Measles, also called rubella, is a viral infection of the respiratory system. It is a very contagious disease that can spread that can spread through contact with infected mucus and saliva. The coughing and sneezing of an infected person can release the virus into the air. The virus can live on surfaces for several hours. As the infected particles enter the air and settle on the surfaces, anyone within close time can become infected with the measles virus. Drinking from an infected person’s glass or sharing eating utensils with an infected person increases your risk of infection. It is the leading cause of the death in children. Most of the victims are under the age of 5 yrs.
Generally, this infection is caused by a virus; there is no specific medical treatment for it. But the child who is sick can drink plenty of water and fluids, get lots of rest, and are kept from spreading the infection to others. The number of this disease significantly dropped in recent year due to immunization. However disease not has been completely eliminated, in fact there were 222 cases of measles in 2011, according to the centers for disease control and prevention.
Primarily measles occurs in un-vaccinated children. Some parents choose not to vaccinate their children for the fear that vaccines will have adverse effects on their children. Most children and adults who receive a vaccine do not experience side effects. But in rare cases the vaccines are linked to the seizures, deafness, brain damage, and coma. Some parents believe that vaccine of this disease can have adverse effects like autism in children. However numerous studies have yet to a find a link between autism and immunization.
A vitamin A deficiency is also factor for measles. Children with too little vitamin A in their diets have a higher risk of catching the virus.
Symptoms of this disease generally appear within 14 days of exposure to the virus.
- Red eyes
- Light sensitivity
- Muscle aches
- Runny nose
- Sore throat
- White spots inside the mouth
A widespread skin rash is classic sign measles. This rash can last up to seven days and generally appears within the first three or five days of exposure to the virus. A rash can commonly develops at the head and slowly spreads to other parts include red, itchy bumps.
The doctor can confirm measles by examining a skin rash and checking for symptoms that are characteristic of the disease, such as white spots in the mouth, fever, cough, and sore throat. If unable to confirm a diagnosis based on observation, your doctor may order a blood test to check the virus.
There is no prescription medication to treat this disease. The virus and symptoms can disappear in two to three weeks. However your doctor may recommend:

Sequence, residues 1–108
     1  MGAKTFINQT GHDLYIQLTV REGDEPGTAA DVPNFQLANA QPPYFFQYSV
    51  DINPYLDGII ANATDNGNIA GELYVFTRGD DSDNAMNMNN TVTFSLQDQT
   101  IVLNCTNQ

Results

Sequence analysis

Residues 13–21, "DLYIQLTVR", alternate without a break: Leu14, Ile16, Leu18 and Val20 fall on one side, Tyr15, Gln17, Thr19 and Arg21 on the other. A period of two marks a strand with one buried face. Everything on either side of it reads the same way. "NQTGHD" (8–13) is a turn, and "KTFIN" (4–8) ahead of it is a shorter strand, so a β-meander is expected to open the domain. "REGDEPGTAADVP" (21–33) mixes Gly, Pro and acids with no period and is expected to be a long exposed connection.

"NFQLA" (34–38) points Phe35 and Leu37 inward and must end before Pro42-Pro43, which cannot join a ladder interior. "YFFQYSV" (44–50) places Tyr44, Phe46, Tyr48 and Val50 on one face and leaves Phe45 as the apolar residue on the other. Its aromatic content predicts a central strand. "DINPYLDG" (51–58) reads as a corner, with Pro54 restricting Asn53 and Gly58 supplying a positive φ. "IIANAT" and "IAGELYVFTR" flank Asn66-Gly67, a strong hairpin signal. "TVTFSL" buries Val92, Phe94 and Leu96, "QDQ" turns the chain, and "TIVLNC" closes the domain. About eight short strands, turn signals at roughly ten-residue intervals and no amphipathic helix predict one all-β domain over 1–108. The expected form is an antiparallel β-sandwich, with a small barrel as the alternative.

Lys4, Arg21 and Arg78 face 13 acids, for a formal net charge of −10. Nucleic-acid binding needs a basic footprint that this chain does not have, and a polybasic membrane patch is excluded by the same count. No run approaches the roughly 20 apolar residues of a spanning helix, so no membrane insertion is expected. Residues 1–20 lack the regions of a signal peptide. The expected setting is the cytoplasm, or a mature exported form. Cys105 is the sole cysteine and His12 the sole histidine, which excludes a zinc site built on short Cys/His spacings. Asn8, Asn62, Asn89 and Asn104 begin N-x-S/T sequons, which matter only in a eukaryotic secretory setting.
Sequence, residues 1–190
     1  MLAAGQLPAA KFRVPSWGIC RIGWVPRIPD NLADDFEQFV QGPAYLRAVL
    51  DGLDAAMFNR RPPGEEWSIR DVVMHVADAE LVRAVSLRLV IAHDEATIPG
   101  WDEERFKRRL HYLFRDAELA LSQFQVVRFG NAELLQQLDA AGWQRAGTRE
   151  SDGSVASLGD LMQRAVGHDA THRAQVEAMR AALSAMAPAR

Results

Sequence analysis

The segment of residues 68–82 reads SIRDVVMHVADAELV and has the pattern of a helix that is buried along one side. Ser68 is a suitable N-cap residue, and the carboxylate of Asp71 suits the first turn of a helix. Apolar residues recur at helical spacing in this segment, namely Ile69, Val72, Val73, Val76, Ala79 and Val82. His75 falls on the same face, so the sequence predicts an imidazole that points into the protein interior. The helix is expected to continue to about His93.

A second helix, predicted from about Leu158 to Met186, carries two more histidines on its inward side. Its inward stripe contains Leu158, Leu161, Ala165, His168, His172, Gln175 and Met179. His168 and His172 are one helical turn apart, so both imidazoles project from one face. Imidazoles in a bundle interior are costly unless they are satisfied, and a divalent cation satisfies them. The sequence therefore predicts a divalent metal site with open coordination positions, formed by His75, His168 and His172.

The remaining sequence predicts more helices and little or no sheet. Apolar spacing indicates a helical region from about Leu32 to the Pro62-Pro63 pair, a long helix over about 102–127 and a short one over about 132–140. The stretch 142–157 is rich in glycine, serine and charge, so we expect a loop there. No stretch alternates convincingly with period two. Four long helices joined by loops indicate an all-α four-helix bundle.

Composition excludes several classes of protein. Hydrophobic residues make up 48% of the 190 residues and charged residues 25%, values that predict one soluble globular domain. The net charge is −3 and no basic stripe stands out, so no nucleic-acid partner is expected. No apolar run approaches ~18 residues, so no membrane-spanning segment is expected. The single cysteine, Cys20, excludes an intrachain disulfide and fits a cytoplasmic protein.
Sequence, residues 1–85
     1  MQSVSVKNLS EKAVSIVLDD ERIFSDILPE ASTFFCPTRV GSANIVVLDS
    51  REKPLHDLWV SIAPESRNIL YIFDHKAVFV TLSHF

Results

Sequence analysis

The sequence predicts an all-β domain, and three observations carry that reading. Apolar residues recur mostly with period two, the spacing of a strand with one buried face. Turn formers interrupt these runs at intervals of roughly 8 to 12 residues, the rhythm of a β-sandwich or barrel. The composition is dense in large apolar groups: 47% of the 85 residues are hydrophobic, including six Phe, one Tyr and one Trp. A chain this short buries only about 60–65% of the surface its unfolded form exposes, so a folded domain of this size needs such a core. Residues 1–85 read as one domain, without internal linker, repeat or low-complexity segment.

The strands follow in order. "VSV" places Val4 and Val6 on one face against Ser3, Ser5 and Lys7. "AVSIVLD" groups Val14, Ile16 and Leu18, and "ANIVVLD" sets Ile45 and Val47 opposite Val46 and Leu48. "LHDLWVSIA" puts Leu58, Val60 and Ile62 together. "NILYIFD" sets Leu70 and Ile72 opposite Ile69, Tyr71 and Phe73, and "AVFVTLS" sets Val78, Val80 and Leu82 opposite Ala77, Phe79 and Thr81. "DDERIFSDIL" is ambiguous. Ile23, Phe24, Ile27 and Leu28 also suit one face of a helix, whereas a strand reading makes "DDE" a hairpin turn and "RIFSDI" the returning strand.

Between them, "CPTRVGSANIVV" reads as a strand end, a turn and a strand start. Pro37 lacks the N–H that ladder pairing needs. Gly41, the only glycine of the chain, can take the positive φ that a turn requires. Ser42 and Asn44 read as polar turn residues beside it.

Acetaminophen* to relieve fever and muscle ache
Rest to help boost your immune system
Plenty of fluids intake
Humidifier to ease a cough and sore throat
Vitamin A supplement
Complications associated with this disease, it’s important to receive vaccine because this disease can lead to life-threatening complications, such as pneumonia and encephalitis
- Ear infection
- Miscarriage or pre-term labor
- Decrease in platelets
- Severe diarrhea
Immunization can help prevent measles. The MMR vaccine is a three-in-vaccination that can protect you and your children from the measles, mumps, and rubella. Children can receive their first MMR vaccination 12 months and their second dose between the ages of 4 and 6. Adults who have never received an immunization can request the vaccine from their doctor.
If you or a family member contracts the measles virus, limit interactions with others. This includes staying home from school or work and avoiding social activities.
Rubella is commonly known as German measles or 3 days measles it is an infection that mostly affects the skin and lymph nodes. It is caused by the rubella virus (not the same virus that causes measles)
It’s generally a mild disease in children, the primary medical danger of rubella is the infection of pregnant woman because it can cause congenital rubella syndrome in developing babies.
Fever (99-100 degrees)
Swollen tender lymph nodes
These are the contagious disease caused by a virus that passes from one person to another through saliva, nasal, secretions, and personal contact.
Many people do not develop symptoms when they became infected with the mumps virus, so they may never know they had the infection.
Mumps are highly contagious viral infection with an incubation period of 14-18 days from exposure to onset of symptoms. The duration of this disease is 10 days.
The initial symptoms of mumps infection are non-specific low-grade fever, malaise, headache, muscle ache, and loss of appetite.
The MMR vaccine provides 80% effective immunity against mumps following a two dosage schedule,
There is no specific therapy exist for mumps. Warm or cold packs for the paratoid gland, tenderness, swelling is helpful, pain relievers (acetaminophen and ibuprofen) are helpful.